BV: So, with the various different kinds of tourism that you pointed out, what improvements in the business climate is that going to provide as all of those grow and mature?

CABLE: You find that a number of local persons are diversifying into the allied trades around tourism, other than the crowd vending and so on. They are getting into spas and lots of different types of tours – you’re having mountain-type tours, you’re having different types of safaris, etc. And so, people are coming up with creative ideas, some are getting Caribbean animals into petting zoos and these are sometimes very attractive to families as they come off the ship. So, these are the kinds of areas that are being investigated by many persons. Even some from overseas are coming with these ideas. You might have heard of the zip lines and now these are in the Caribbean, too.

BV: Looking ahead five years, what do you want to have happen? What needs to happen to ensure the business climate and the health of the island?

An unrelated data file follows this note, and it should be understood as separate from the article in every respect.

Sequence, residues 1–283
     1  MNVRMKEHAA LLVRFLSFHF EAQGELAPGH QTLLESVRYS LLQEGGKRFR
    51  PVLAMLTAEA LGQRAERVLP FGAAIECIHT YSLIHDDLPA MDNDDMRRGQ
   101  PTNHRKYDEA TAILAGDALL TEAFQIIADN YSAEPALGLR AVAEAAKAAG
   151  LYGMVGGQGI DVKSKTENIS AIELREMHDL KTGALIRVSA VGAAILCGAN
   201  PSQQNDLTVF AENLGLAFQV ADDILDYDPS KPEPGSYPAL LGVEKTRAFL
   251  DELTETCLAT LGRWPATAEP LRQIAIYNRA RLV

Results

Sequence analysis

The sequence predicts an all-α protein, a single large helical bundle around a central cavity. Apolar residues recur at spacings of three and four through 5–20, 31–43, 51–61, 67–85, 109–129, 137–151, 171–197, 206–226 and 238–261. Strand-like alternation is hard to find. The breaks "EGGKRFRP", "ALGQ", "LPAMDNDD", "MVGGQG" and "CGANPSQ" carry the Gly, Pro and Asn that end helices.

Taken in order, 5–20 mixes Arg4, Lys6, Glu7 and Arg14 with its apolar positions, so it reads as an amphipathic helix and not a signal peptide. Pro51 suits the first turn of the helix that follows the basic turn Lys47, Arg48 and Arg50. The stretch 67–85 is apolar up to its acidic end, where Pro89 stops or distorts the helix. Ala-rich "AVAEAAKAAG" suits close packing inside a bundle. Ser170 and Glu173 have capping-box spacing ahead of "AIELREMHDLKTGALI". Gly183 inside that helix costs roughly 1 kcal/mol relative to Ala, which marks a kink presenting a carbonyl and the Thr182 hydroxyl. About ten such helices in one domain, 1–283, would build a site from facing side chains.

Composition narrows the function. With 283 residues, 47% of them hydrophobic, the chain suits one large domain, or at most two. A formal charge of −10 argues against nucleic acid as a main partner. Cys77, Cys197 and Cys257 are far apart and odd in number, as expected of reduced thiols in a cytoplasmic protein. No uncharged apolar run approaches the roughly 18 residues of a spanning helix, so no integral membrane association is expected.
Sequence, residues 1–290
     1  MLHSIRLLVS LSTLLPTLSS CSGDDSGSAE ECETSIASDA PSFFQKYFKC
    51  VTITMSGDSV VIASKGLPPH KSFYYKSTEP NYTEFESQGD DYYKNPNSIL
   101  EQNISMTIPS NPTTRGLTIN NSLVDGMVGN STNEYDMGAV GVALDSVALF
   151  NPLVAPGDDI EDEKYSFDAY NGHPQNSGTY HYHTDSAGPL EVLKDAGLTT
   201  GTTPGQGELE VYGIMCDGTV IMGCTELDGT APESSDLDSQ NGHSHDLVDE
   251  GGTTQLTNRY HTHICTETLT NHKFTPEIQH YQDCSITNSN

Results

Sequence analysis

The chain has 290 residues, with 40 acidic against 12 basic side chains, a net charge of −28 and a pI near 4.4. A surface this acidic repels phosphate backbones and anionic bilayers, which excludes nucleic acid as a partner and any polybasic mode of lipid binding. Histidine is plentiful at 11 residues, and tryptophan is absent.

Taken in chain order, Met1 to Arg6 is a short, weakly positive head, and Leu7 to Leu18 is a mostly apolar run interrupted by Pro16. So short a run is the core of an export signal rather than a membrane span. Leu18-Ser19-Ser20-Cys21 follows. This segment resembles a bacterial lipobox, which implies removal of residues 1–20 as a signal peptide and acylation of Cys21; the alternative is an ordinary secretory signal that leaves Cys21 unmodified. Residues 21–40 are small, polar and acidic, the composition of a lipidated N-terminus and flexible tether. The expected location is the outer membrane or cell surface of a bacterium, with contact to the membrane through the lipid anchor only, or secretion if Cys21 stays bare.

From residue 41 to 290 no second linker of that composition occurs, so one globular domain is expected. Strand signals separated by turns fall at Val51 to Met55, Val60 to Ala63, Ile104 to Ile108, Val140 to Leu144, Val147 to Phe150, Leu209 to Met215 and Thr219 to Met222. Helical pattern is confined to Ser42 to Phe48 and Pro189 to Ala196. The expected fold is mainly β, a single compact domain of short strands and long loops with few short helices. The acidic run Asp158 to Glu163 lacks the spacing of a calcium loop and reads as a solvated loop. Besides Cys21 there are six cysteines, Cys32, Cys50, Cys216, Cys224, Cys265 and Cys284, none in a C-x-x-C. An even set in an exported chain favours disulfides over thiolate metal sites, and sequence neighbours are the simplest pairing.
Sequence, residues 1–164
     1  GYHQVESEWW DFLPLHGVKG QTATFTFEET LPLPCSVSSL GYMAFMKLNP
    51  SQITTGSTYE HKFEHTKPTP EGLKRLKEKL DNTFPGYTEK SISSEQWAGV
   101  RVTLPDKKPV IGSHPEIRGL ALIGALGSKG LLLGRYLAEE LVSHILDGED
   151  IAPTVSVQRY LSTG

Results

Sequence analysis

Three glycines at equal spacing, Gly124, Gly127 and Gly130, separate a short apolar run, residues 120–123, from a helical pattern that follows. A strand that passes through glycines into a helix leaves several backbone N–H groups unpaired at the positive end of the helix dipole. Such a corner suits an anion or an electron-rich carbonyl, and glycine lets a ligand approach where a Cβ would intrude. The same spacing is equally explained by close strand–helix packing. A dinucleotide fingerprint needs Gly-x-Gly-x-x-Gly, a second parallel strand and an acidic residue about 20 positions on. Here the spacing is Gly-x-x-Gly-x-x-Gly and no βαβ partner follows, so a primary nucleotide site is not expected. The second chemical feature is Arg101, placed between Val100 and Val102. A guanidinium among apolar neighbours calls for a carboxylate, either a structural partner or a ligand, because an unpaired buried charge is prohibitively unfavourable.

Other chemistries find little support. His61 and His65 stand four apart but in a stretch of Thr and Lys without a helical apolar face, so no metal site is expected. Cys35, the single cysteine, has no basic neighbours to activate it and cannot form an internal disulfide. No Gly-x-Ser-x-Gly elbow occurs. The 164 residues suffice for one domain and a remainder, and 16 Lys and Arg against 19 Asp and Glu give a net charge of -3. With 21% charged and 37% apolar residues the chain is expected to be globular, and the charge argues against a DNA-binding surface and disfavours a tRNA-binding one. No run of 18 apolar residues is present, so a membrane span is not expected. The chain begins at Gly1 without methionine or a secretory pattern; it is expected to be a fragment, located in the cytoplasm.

CABLE: What needs to happen is that a lot of cognizance needs to be given to regulations. The island government does not have the kind of infrastructure to monitor a lot of the activities that have taken place. And therefore, we need to be ensured that our water supply remains stable, remains high quality and remains sustainable. Sustainable tourism has to be the watch word now, so that in five years time, we do not start to regret overuse of our land resources and marine resources, etc. But the potential is there for it to be a very massive type of expansion, and we could even double or triple the 2,000 or 1,500 rooms that we have on the island at the moment on the two islands.